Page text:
SCS Is the best
SCS Is the best
September of 1999 was probably the most exhilarating time of my whole entire life. It was the night before the first day of kindergarten at Sandwich Central School and I was so ready the morning. I never went to pre-school or daycare, I spent the days and nights with my mom and dad. My mom packed my lunch box with a peanut butter and jelly sandwich, animal crackers, cheese sticks, a juicy juice, and every other possible snack for a spoiled kindergartner. Like every other night my mom helped me brush my teeth, take a bath, and lay out my clothes for the next day, but there was a new and exciting energy in the air. I was nervous, scared, and afraid for my first day but I just had a feeling it was going to be a good one.
I remember getting out of my mom’s Rav4 that morning. The smell of autumn lingered in my nose as I sat waiting for her to come to the back and unbuckle me. I watched her as she walked first to the trunk of the car to get my backpack, and then finally to me. She held my backpack in one hand and held my hand in the other. We walked across a paved pathway covered in worn outlines of four square and hopscotch over to where other children were eagerly standing with their moms and dads. I looked around at my new classmates and though I didn’t know it then, most would turn out to be very good friends of mine.
One of the aids at school named Mrs. Booty started to yell towards our direction in a loud but oddly comforting voice. She stood straight up in a long dress and Birkenstock sandals, with short grey curly hair and the biggest smile and shiniest teeth I’d ever seen. She told us she wanted to teach us her favorite song. “Repeat after me!” she chanted as she began to tap her feet. “SCS is the best! A head above all the rest! SCS is number 1, and we have a ton of fun!!!” Mrs. Christensen then emerged from the double door entrance to the classroom and motioned to our parents that they could let us go inside with her.
My mom grasped my hand tightly and softly said “I love you sweetie to infinity and beyond!!” like she always did, before she turned to leave. Funny how moms can give you such a sense of security. I walked into the class with the rest of the kids and took a big gander. New class, new friends, new teacher… that’s a lot for a five year old to take in all at once.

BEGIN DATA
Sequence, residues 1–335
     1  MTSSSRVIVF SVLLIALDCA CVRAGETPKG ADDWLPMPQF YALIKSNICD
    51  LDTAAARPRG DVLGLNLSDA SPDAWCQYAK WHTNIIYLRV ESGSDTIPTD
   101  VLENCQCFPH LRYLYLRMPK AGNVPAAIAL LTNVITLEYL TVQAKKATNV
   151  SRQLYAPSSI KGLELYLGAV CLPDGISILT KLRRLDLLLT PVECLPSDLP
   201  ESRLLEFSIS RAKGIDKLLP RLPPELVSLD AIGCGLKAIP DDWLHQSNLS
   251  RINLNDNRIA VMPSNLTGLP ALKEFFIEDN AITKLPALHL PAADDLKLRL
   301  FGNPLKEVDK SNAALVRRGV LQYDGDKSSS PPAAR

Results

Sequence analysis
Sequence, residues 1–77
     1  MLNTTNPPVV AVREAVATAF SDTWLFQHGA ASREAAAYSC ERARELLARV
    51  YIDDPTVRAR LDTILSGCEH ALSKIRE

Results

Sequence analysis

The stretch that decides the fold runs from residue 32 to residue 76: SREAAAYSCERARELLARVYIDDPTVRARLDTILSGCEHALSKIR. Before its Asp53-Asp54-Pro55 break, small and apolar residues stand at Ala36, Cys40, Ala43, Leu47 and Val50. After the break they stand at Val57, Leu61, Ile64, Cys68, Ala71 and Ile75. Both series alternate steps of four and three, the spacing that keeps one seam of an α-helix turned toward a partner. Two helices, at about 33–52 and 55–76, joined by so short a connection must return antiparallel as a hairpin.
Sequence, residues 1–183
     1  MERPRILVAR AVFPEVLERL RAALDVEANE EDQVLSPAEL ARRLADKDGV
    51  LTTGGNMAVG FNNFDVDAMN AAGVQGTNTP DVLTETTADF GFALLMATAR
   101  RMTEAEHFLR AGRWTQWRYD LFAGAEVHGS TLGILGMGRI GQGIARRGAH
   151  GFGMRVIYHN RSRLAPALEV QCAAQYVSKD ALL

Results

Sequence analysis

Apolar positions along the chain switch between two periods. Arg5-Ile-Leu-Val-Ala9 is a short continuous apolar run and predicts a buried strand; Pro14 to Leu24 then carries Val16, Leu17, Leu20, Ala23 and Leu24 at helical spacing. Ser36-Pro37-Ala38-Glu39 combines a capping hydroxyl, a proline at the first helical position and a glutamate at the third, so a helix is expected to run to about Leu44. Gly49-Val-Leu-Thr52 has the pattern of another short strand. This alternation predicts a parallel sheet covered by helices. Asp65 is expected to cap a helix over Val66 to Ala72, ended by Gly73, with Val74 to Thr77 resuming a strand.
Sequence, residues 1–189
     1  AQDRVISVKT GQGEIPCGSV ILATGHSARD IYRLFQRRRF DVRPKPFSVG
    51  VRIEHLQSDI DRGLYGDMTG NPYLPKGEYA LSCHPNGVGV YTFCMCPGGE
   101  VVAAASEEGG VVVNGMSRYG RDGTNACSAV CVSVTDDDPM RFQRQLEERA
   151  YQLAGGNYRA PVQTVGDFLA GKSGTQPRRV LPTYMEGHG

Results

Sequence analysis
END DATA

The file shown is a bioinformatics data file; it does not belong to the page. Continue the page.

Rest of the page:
We introduced ourselves, our favorite animal and color, and talked about our families. After that we all lined up at the door and William got to be the first line leader, after Mrs. Christensen of course. We walked down the huge hallways and past the towering crimson lockers that we would someday get to use. Mrs. Christensen took us all the way down to the sixth grade wing where all the big kids went, and we watched in awe as their giant feet rushed by us.
Annie and I became friends pretty fast because we both had annoying siblings that we laughed about together. I started crushing on Caleb and Reese, played kickball with Molly at recess, played games with Cody, chased butterflies with Lindsey, and in what seemed like a week the year came to an end. I went back to SCS every year until the end of elementary school, and each year, became closer and closer to my classmates. My class had 13 students from start to finish. Some came and left. In 1st grade I lost my best friend Lindsey to a cancerous brain tumor. Lindsey and I ate chocolate flavored whipped cream right out of the can, and had matching glasses. She had to wear an eye patch and glasses when her cancer was at its worst, so I wore some too.
I couldn’t grasp or understand the concept of death as a 6 year old but I could feel it. I felt a deep hollowness in my chest but I wasn’t sure why it was there. I thought Lindsey just left for a while, because that’s what the teachers and parents and adults would say to us. They would tell us glumly that “Lindsey went to a better place” and that she “wasn’t in pain anymore”, so I thought I was supposed to be happy for her but I knew that something was going on. Even at 6 years old. After Lindsey died, we cherished and celebrated her. Our first grade class and the whole community came together and built her a butterfly garden in the heart of the campus that remains at SCS to this day. It is true that terrible things bond people closer together and that is partially why SCS is such an important place to me.
From second grade on I was playing soccer every fall, basketball every winter, and softball every spring. Every year my school routine was steady, as the green leaves of summer turned to foliage, the smell of pumpkins changed to gingerbread houses, and snowmen melted into mud. Everyone made the sports teams. You didn’t have to be good, you just had to go to practice with a grin on your face. Games weren’t competitions, they were just for pure fun. Everyone got to be in chorus and band if they wanted to be. There were no tryouts to see who the best was. Everyone’s art was displayed on the corkboard of the art room, even if your creation looked like a blob of color.
Every student at SCS was recognized for almost everything we did at school. The relationships that I made at SCS have impacted my life from the very first day of kindergarten, to today, September 12, 2013. My class of 13 kids went through life changing events, and we all worked through them together, as friends, and as a community. I remember every teacher I had at SCS, and the special bonds that we got to make with them as such a small group of kids. Growing up in Sandwich and schooling at SCS is the best thing that has happened in my life, because it taught me how to be a compassionate human being.
Subject: Second grade,
University/College: University of Arkansas System
Type of paper: Thesis/Dissertation Chapter
Date: 7 October 2016
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